I was told at RPM Chicagoland that the basic car represents the rebuilt version so the sheathing is not reflective of the original center-bead board. This is difficult to see at a 12-inch view. It will be a pretty quick addition to my 1926 fleet.

 

 

Eric Hansmann

Murfreesboro, TN

 

 


From: main@RealSTMFC.groups.io [mailto:main@RealSTMFC.groups.io] On Behalf Of Alexander Schneider Jr
Sent: Thursday, October 25, 2018 11:26 AM
To: main@RealSTMFC.groups.io
Subject: Re: [RealSTMFC] Rapido NP boxcar, K brake question

 

I received mine, and I have a question about the K brake system. I don’t see any connection between the lever on the “A” end and the rest of the system. My 1928 Car Builders Cyclopedia shows a connecting rod between the two levers. I can’t imagine it would be between the underframe channels. Any ideas?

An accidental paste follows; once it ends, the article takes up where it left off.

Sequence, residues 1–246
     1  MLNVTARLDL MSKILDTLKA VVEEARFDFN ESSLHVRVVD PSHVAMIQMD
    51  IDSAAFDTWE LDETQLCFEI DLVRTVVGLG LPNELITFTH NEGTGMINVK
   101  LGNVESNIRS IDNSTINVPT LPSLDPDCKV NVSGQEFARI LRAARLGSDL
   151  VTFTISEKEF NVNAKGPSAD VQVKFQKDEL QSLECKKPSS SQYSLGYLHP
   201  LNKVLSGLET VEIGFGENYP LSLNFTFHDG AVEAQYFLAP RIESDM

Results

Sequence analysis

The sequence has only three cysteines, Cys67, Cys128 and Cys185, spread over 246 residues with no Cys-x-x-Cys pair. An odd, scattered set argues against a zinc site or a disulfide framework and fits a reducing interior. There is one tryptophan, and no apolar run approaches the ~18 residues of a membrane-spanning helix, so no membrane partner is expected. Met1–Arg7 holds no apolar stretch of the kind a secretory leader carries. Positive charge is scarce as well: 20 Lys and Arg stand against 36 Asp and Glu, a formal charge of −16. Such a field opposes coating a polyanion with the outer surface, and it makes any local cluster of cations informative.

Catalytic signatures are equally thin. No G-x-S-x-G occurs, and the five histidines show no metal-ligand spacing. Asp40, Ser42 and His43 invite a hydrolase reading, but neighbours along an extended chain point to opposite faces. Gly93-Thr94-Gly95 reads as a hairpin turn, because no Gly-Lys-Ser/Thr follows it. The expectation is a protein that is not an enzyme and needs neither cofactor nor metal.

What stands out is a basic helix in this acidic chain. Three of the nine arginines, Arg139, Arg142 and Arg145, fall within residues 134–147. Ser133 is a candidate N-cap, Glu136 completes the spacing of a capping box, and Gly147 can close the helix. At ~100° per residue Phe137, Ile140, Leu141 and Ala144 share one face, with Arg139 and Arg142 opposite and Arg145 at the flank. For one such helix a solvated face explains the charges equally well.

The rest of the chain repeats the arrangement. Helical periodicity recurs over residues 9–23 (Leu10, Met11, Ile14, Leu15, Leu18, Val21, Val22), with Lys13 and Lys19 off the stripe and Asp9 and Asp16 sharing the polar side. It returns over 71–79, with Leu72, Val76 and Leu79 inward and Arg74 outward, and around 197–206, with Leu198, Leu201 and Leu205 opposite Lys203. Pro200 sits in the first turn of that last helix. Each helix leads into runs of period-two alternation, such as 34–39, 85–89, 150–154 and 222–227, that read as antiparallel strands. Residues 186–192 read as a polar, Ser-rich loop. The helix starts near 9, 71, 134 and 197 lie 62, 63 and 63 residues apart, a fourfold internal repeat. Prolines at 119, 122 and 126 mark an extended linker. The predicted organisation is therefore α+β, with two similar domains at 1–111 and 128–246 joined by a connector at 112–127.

Alex Schneider

 

,_


Re: [ResinFreightCarBuilders] [Proto-Layouts] Time to call in Columbo?

Ted Culotta
 

I think my last guess was secondhand X28 or tall Reading USRA design steel box car.


On Oct 26, 2018, at 11:52 AM, sailsman@... <Sailsman@...> wrote:

The car looks too tall to be an x-29 copy.

Travers,   10-27-18

On Oct 26, 2018, at 11:27 PM, Eric Hansmann <eric@...> wrote: